After listening to a brief orientation by our site coordinator, AALEADers broke off into teams and gathered their materials (gloves, trash bags, and recycling bags). Venturing across creeks, over grassy hillsides, and through some underbrush, our youth discovered countless interesting items along the way. From an entire outfit (jeans and a T-shirt!) to a skateboard, a motor, and even a few coconuts, many random items were simply discarded or forgotten in the park. Quite the hard-working adventurers, AALEAD youth continued to separate the recyclables and trash even as they made their impressive findings throughout the area.

Lunch time quickly approached, and the students were ready to gather as a larger group again. As they feasted on granola bars, fruit snacks, crackers, and fruit, youth chatted with the other AALEADers, mentors, volunteers, and staff who they had not had a chance to meet prior to the event. Students who currently attend different schools also reunited and had a fantastic time catching up!

Events like the park clean-up teach our youth important leadership skills such as teamwork and giving back to the community. As AALEADers reflected on the day, they mentioned how surprised they were that so much trash and odds and ends could end up in such an important part of their community. All of them vowed to continue making the world a better place by recycling and making sure to throw their trash away.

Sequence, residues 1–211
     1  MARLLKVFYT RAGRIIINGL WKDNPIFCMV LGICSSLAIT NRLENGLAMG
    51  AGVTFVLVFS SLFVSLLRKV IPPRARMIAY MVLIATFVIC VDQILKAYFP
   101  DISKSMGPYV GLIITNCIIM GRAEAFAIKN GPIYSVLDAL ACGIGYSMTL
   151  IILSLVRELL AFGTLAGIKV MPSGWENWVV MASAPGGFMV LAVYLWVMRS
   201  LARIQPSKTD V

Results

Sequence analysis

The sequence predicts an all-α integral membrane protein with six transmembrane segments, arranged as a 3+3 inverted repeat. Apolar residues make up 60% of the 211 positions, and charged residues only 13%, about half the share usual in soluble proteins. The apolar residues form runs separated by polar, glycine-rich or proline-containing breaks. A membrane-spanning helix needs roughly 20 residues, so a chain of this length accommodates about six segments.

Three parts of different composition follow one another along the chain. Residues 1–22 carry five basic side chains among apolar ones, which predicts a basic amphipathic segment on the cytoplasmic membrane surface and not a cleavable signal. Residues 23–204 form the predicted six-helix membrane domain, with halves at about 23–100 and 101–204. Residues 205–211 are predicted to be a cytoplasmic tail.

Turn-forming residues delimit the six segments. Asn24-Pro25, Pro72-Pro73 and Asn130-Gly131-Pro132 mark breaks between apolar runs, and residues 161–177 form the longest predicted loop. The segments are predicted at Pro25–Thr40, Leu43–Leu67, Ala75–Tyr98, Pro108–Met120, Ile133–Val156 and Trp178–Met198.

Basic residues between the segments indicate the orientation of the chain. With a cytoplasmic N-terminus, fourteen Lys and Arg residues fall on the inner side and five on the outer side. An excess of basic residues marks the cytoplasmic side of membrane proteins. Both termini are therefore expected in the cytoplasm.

Thank you to all of the youth, mentors, volunteers, staff, and CAPAL members who joined us! Also, special shout out to our friends at CAPAL for providing the snacks for our youth and Doug Barker, Margo Reid, and Karen Zeiter from  the Rock Creek Conservancy for helping us coordinate the event. We had a blast this year and can’t wait to work together with all of you again next year!

Hello! My name is Charles Kuo and I am AALEAD’s new Parent Outreach Coordinator! I am so excited to be serving this community!

Enthusiastic introduction: Yes! But I won’t stop or contain it. Growing up Asian American, I got hit with many stereotypes. Characteristics that I felt I had to uphold or honor and it twisted the conception of my identity. Several questions popped in my mind: Who am I supposed to be? Why do I have to fit a role that someone else gave me? Why do I have to stay quiet when my voice wants to heard?

Truthfully, we can be debilitated by our stereotypes. It creates an immeasurable sense of burden/pressure and it’s suffocating. But thankfully, I got over them. They existed but they didn’t have to define me. Since then, I’ve always made a conscious effort to just be myself. There will only be one me in this world. My hope is to instill that truth in our youth and spread it with love. We are truly unique. There is a deep purpose for us here. What’s my purpose? I’m not sure, but I am shaping it.